Brutal Arrests, Illegal Detention and Torture: A Failed Test for Rule of Law in Uganda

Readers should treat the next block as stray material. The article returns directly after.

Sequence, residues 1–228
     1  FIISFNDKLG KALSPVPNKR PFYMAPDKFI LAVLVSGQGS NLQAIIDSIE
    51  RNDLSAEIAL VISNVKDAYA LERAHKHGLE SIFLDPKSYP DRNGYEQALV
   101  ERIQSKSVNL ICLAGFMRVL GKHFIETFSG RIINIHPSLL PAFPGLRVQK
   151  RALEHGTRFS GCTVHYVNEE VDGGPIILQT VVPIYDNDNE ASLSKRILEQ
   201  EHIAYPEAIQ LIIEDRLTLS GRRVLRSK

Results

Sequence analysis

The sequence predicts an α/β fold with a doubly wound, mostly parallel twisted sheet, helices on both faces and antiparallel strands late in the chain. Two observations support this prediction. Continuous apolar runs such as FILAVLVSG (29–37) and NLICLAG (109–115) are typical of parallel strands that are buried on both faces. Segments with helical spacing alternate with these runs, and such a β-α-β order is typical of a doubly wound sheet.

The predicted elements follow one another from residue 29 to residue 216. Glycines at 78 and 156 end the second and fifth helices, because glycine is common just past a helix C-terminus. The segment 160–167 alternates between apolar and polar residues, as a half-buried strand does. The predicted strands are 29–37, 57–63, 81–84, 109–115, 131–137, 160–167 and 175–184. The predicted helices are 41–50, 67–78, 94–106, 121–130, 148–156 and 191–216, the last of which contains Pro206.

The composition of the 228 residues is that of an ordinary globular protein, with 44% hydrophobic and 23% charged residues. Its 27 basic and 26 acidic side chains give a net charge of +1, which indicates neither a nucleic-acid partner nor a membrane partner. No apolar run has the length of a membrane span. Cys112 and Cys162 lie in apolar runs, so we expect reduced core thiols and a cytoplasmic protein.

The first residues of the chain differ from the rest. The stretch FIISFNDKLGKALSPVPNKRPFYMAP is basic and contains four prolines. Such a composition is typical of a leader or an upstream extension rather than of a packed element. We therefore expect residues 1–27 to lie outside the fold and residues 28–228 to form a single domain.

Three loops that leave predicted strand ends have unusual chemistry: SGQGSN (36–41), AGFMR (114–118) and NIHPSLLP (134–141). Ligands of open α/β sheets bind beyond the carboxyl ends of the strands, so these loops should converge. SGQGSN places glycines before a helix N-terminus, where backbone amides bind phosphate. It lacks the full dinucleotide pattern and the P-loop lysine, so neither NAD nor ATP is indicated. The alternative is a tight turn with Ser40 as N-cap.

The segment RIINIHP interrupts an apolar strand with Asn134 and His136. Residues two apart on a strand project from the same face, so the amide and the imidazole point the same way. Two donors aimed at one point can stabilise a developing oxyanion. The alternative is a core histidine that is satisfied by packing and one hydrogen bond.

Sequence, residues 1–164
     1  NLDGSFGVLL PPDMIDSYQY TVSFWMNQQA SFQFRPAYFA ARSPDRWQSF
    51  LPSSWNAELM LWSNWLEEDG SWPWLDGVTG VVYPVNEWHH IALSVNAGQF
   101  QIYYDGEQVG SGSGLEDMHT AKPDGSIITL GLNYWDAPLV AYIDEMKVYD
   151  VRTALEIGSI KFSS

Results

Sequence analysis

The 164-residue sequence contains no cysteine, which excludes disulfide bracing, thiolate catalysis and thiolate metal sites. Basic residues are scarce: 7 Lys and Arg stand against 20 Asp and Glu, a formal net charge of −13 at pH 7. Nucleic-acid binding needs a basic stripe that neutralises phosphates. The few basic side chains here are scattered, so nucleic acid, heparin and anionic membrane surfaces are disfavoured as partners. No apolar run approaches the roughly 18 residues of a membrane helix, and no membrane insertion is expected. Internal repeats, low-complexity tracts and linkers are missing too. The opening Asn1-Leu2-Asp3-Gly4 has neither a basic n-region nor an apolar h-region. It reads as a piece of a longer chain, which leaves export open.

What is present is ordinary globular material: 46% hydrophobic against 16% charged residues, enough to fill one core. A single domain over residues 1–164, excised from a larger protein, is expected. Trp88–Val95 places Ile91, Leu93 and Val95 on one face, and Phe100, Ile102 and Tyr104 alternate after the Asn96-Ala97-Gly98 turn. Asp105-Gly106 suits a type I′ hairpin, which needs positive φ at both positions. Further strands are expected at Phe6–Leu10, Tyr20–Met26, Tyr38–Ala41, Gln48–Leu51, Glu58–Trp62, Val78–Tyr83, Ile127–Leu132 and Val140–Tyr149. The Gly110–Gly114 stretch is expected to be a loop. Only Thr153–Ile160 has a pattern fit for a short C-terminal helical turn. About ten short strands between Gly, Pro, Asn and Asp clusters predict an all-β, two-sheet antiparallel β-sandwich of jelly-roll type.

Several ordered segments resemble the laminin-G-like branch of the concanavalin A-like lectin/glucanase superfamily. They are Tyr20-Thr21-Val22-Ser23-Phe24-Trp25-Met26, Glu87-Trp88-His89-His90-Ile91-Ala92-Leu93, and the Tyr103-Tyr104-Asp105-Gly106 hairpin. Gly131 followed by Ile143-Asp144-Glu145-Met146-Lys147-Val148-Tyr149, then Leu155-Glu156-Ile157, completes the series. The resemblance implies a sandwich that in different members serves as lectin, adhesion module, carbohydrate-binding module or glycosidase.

Human rights and rule of law violations have been evidenced in various incidences for instance: arbitrary killings, abductions, alleged torture and arrest, unlawful detention, violation of rights of journalists, censorship of press etc. Such acts are allegedly largely committed by government security agents that brutally arrest and detain suspects in unidentified places and safe houses. Many people have been unlawfully arrested, detained for more than 48hours without trial, and allegedly tortured, and this counteracts the law. Reports have come out pinning several government security agencies (CID, SFC etc) and operatives (police officers, military) on committing atrocities during arresting of suspects (enforcing law and order). Some officers go beyond their geographical jurisdictions while others remain unidentified or hide their names and this stops the tortured from seeking justice. The Prevention and Prohibition of Torture Act (2012) stipulates that any person convicted of torture is liable to a 15 year’s imprisonment or a fine of sixty currency points or both. Despite the existence of such laws, torture allegedly appears to be escalating in Uganda. This brief recommends that arrests of suspects by security operatives should be executed within the law. There is a need to redefine the role of the Army and Police in order to reduce the militarization by the police (excessive brutality) during arrests. This, combined with other law enforcement reforms, will also restore the reputation and public trust for Uganda’s security personnel.